Identifiability of Models for Multiple Diagnostic Testing in the Absence of a Gold Standard
Article first published online: 17 SEP 2009
© 2009, The International Biometric Society
Volume 66, Issue 3, pages 855–863, September 2010
How to Cite
Jones, G., Johnson, W. O., Hanson, T. E. and Christensen, R. (2010), Identifiability of Models for Multiple Diagnostic Testing in the Absence of a Gold Standard. Biometrics, 66: 855–863. doi: 10.1111/j.1541-0420.2009.01330.x
- Issue published online: 17 SEP 2009
- Article first published online: 17 SEP 2009
- Received November 2008. Revised July 2009. Accepted July 2009.
- Correlated tests;
- Latent class model;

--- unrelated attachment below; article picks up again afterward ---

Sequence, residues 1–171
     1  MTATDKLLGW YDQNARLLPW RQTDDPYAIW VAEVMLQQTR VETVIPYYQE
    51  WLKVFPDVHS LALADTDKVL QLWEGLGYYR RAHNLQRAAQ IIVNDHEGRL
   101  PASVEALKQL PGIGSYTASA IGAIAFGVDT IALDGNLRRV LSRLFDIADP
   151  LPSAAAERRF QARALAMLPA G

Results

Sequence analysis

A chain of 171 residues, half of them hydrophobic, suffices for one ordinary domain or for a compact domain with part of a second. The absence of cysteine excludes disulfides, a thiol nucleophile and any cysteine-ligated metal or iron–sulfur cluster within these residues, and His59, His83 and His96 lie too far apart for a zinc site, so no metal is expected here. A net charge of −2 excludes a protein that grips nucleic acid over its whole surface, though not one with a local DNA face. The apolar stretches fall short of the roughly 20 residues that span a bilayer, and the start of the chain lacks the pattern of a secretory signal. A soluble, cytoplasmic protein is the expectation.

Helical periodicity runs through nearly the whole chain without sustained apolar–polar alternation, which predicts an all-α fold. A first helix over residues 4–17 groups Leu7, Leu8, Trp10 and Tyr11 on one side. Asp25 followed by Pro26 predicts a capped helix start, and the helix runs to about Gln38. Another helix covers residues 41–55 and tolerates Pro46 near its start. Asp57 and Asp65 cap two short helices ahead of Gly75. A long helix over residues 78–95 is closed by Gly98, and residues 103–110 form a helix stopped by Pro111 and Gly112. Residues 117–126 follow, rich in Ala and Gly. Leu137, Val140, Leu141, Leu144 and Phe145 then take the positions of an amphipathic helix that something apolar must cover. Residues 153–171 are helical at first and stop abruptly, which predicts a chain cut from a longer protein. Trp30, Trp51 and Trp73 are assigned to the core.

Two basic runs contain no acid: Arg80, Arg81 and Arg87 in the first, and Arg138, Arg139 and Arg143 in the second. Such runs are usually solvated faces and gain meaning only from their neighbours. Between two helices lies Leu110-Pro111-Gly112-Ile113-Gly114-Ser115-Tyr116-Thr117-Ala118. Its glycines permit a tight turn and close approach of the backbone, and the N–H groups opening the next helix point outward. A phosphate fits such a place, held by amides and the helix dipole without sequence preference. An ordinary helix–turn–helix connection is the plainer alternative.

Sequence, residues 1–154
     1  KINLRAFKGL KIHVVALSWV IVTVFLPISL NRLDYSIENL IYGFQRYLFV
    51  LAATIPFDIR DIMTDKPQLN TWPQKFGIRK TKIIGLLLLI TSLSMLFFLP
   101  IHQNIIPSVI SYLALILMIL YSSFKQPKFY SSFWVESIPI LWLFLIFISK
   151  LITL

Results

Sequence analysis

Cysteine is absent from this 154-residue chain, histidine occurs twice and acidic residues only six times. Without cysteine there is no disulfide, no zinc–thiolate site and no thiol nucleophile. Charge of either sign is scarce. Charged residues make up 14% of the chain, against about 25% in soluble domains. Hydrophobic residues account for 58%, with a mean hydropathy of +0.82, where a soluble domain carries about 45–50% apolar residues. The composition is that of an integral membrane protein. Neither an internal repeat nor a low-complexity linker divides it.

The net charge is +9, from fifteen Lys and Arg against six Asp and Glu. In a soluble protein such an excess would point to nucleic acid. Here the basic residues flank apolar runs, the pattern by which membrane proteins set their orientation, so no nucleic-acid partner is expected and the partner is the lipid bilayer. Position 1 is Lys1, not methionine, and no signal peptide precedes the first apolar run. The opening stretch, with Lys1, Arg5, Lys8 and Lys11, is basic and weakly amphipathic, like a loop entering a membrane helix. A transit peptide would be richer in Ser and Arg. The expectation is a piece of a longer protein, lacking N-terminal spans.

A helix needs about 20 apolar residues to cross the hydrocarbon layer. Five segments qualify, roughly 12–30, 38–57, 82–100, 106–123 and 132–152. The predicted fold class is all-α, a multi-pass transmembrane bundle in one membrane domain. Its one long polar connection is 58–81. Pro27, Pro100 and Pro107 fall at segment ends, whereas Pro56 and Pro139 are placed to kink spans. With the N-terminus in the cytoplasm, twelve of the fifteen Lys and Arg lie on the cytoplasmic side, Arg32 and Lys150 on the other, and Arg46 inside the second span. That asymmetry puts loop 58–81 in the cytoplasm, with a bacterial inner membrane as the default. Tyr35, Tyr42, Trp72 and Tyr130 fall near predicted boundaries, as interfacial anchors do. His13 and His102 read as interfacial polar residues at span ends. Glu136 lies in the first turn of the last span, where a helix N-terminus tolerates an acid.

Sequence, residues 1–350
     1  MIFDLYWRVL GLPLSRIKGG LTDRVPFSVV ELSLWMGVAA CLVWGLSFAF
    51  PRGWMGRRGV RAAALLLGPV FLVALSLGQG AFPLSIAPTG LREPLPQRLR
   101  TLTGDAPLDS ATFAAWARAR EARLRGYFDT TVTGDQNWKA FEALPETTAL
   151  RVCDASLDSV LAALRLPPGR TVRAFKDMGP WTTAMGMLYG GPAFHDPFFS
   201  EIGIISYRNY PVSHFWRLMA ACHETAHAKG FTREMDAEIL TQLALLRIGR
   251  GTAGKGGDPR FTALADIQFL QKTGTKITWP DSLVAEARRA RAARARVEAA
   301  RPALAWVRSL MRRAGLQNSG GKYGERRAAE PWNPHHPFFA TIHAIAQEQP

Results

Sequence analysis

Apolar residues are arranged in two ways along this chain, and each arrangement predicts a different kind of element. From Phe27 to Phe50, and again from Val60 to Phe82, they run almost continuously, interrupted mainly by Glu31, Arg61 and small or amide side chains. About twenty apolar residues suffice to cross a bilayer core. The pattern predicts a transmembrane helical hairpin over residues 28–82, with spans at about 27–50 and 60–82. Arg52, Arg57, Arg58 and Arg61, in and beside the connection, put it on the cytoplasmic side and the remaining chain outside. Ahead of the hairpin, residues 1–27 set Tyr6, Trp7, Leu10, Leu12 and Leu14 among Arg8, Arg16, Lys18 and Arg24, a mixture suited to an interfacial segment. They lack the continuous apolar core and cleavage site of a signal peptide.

Summary We discuss the issue of identifiability of models for multiple dichotomous diagnostic tests in the absence of a gold standard (GS) test. Data arise as multinomial or product-multinomial counts depending upon the number of populations sampled. Models are generally posited in terms of population prevalences, test sensitivities and specificities, and test dependence terms. It is commonly believed that if the degrees of freedom in the data meet or exceed the number of parameters in a fitted model then the model is identifiable. Goodman (1974, Biometrika 61, 215–231) established that this was not the case a long time ago. We discuss currently available models for multiple tests and argue in favor of an extension of a model that was developed by Dendukuri and Joseph (2001, Biometrics 57, 158–167). Subsequently, we further develop Goodman's technique, and make geometric arguments to give further insight into the nature of models that lack identifiability. We present illustrations using simulated and real data.